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380 tons of oops
Posted by: Jon Henke on Monday, October 25, 2004

Is there an excuse for this? I can't think of it....
The Iraqi interim government has warned the United States and international nuclear inspectors that nearly 380 tons of powerful conventional explosives - used to demolish buildings, make missile warheads and detonate nuclear weapons - are missing from one of Iraq's most sensitive former military installations.

The huge facility, called Al Qaqaa, was supposed to be under American military control but is now a no man's land, still picked over by looters as recently as Sunday. United Nations weapons inspectors had monitored the explosives for many years, but White House and Pentagon officials acknowledge that the explosives vanished sometime after the American-led invasion last year.
In a country absolutely full of weapons, there's certainly no reason to expect we could guard every little stockpile of munitions. But this was no pile of guns. A truckful of these explosives could make the 1983 Marine barracks truck-bomb in Beirut--241 Marines dead--look like a piker.

And these explosives just disappeared.

Anybody wanna lay odds on how the thieves in question feel about the United States and the current government of Iraq? Anybody?

It's hard to see where blame should be assigned, though. Was the failure one of policy, of imagination, of troop levels, or of responsibility. As John Cole notes, securing weapons is hardly a novel concept to the military...
Every [night] that I was in the field as a soldier, my platoon sergeant and butterbar conducted a sensitive items check, and each person made sure that he has his weapon, protective mask, an/pvs-7's, and other items. Every night. Business stopped if one boresight device or one set of night vision goggles was missing. In peacetime, if someone lost a weapon, the base closed.

We can't check nightly on 380 frigging tons of explosives?
Further.....
  • Was there an administration policy routing troops away from securing these threats in Iraq?

  • Which component of the military was responsible for securing these zones, and how did they make their decisions about what to secure and what not to secure?

  • What did the administration and the military do following urgent warnings from the IAEA?

  • Why were these zones simply not a priority?

  • What assumptions did the brass make, and what did they think would happen there?

Finally, who will take responsibility? And will the Right demand accountability as stridently as will the Left? I hope so.

UPDATE: John Cole, Tom Maguire and various commenters here point out this potentially exculpatory line:
...A senior Bush administration official said that during the initial race to Baghdad, American forces "went through the bunkers, but saw no materials bearing the I.A.E.A. seal." It is unclear whether troops ever returned.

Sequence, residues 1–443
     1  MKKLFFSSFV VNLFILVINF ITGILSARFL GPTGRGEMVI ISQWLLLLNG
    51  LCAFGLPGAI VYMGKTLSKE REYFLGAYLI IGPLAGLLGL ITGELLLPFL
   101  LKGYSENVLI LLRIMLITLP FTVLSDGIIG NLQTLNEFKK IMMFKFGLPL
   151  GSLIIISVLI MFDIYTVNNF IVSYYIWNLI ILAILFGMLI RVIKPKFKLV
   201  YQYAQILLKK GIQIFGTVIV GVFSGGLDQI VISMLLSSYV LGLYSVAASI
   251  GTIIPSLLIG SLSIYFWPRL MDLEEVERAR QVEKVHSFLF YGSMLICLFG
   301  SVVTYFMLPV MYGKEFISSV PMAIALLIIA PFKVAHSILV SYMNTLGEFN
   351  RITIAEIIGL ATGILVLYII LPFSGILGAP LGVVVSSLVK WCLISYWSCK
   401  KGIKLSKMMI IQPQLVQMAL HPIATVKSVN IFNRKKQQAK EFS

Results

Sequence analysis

I concede the possibility that this could lessen the blame on the administration and/or military, but there are a few questions to be answered first....

  • "White House and Pentagon officials acknowledge that the explosives vanished sometime after the American-led invasion last year" - why did the White House and Pentagon concede that the explosives had vanished after the invasion?


  • "[Condoleezza Rice] was informed within the past month that the explosives were missing." - why was this brought up just within the last month, if it's been known since the the troops first went in? What did they tell her..."Still no weapons at Al Qaqaa"?


  • "Administration officials say they cannot explain why the explosives were not safeguarded" - if there were "no materials", why can the administation officials not explain why they were not safeguarded? If such was the case, that seems a very good explanation, indeed.


  • "a senior official from Iraq's Ministry of Science and Technology wrote that the stockpile disappeared after early April 2003 because of "the theft and looting of the governmental installations due to lack of security"." - what is the basis of this conclusion? Theft and looting indicates a post-war event. The removal of the materials prior to the war would not be theft/looting.


  • "In the chaos that followed the invasion, however, many of those sites, even some considered a higher priority, were never secured." - why not?


  • "If [Iraqi's had moved the explosives to nearby fields], the experts say, the Iraqi must have broken seals from the arms agency on bunker doors and moved most of the HMX to nearby fields, where it would have been lightly camouflaged - and ripe for looting." - why were we not there to secure it? It seems like we'd be interesting in spending sufficient time ensuring the security of a major facility.


  • "But the Bush administration would not allow the agency back into the country to verify the status of the stockpile." - In other words, the administration said "we don't need your help". But they did.


Whether or not troops did a run-through on their way through Iraq, these seem like still-relevant questions. I think Cole and Maguire are jumping at a too-small glimmer of salvation.

UPDATE II: A commenter at Obsidian Wings points out that something familiar showed up in Saudi Arabia last December...
The location of the hideout was not given but details of the weapons cache suggest a large storage space. The official news agency SPA said the arsenal included 38.4 tons of "RDX explosive materials"...